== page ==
A prosecutor may not draw the jury's attention to the fact that "a defendant exercised his constitutional right to remain silent in the face of police inquiry" for "the purpose of urging an inference of guilt." Commonwealth v. Richotte, 59 Mass. App. Ct. 524 , 526 (2003), citing Doyle v. Ohio, 426 U.S. 610. Here, however, the prosecutor did not comment on the failure of the defendants to assert their innocence to the police; rather, he reminded the jury of certain omissions from a conversation that took place among the defendants, who spoke, bluntly and to each other, while agreeing to conceal their crimes. There was no error.
b. Jeffrey also argues that the prosecutor improperly vouched for one of the Commonwealth's witnesses when the prosecutor made the following statements:
"So what conclusions can you draw from that evidence and that evidence alone? Well, I suggest to you [that] you can conclude that the car that contained these four defendants was the car from which the shots were fired. We know that from Mr. Pires, the victim in this case, a guy who has absolutely no motive to lie or distort the truth. He saw what he saw. That was the car, according to him. And I suggest to you there is absolutely no reason to distrust his testimony." (Emphasis supplied.)
Jeffrey argues that these remarks went beyond the prosecutor's right of fair reply and constituted vouching for his witness's credibility. Even if the remarks crossed the fine line between proper argument and improper vouching, [Note 10] any possible error did not create a substantial risk of a miscarriage of justice.
"In analyzing a claim of improper argument, the prosecutor's remarks must be viewed in light of the 'entire argument, as well as in light of the judge's instruction to the jury and the evidence at trial.' " Commonwealth v. Lamrini, 392 Mass. 427 , 432 (1984), quoting from Commonwealth v. Bourgeois, 391 Mass. 869 , 885 (1984). Here, the judge informed the jury that it was their job to determine the facts based only on the evidence, told them that closing arguments were not evidence, instructed the jury that they were to determine whether the Commonwealth had proved its case against each defendant based solely on the testimony of the witnesses and the exhibits, and charged the jury regarding what they could consider in determining the credibility of the witnesses.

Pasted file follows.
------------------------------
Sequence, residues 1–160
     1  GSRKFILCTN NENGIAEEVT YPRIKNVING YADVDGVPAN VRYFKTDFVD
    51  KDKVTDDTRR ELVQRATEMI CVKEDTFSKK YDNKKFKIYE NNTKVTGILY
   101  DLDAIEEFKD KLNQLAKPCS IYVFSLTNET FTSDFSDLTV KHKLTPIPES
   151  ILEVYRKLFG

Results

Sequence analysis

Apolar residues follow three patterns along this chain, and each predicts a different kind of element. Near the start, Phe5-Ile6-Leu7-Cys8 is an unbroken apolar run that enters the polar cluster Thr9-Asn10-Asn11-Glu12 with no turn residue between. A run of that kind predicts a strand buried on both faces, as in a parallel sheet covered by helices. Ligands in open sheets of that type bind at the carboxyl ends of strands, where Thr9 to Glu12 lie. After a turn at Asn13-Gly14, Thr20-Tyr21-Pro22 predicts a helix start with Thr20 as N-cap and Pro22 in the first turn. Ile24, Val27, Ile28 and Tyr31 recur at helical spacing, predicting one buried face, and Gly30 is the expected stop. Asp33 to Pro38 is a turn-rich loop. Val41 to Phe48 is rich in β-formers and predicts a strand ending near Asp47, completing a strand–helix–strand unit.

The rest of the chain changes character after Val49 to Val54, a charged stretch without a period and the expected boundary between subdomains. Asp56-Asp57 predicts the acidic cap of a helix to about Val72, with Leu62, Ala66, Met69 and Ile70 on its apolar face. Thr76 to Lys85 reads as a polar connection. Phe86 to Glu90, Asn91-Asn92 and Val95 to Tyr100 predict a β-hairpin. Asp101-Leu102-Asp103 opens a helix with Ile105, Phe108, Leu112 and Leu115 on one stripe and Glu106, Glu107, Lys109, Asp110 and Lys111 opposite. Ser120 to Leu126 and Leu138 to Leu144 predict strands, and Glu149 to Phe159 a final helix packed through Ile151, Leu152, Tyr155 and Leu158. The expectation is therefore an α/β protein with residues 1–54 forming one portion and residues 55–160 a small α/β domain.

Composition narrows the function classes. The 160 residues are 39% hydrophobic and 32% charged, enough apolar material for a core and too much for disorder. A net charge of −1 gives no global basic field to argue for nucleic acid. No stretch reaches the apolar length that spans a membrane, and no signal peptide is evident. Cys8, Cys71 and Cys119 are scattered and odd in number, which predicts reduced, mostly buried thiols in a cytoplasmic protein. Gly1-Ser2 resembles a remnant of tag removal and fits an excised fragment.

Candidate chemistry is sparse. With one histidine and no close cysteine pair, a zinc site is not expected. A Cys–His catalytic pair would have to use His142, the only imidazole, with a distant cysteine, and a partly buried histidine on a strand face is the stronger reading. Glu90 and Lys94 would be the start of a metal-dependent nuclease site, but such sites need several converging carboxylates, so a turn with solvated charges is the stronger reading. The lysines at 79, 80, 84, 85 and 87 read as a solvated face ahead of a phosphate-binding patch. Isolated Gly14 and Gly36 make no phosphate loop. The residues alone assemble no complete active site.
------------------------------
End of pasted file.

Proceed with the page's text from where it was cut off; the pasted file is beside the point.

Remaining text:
c. Kevin, apart from the other defendants, claims that the
prosecutor misstated the evidence several times and that this accumulation of errors requires a new trial. Kevin's defense counsel neither objected to the comments, set forth in the margin, [Note 11] nor requested that the judge give curative instructions. The failure of defense counsel to object to statements made by a prosecutor during the closing is a matter to which we attach significance. It is not only "a sign that what was said sounded less exciting at trial than appellate counsel now would have it seem," Commonwealth v. Deveau, 34 Mass. App. Ct. 9 , 14 (1993), but it is also "some indication that the tone [and] manner . . . of the now challenged aspect of the prosecutor's argument were not unfairly prejudicial." Commonwealth v. Toro, 395 Mass. 354 , 360 (1985). Moreover, here, the misstatements did not pertain to critical evidence, and the judge's lengthy, detailed, and accurate instructions mitigated the errors. See generally Commonwealth v. Sanna, 424 Mass. 92 , 107 (1997); Commonwealth v. Maynard, 436 Mass. 558 , 569-571 (2002). [Note 12]
We reject Kevin's further claims that the prosecutor committed error by referring to the drive-by shooting as "gang activity," and by eliciting testimony from Detective Almeida that he was familiar with the voices of Kevin and Dosreis because he "ha[d] engaged them several times during the normal courses of [his] duty . . . [at] Brockton High School, when [he] was a school police officer." We are not persuaded by Kevin's claim that Almeida's response suggested, improperly, that Kevin and Dosreis had committed prior bad acts.
5. Sufficiency of the indictments. Finally, Dosreis contends
that the grand jury did not hear sufficient evidence to find probable cause to issue the indictments, see Commonwealth v. McCarthy, 385 Mass. 160 (1982), [Note 13] the indictments were fatally defective, and all subsequent proceedings taken in reliance upon them were void. See Connor v. Commonwealth, 363 Mass. 572 , 574 (1973). We disagree.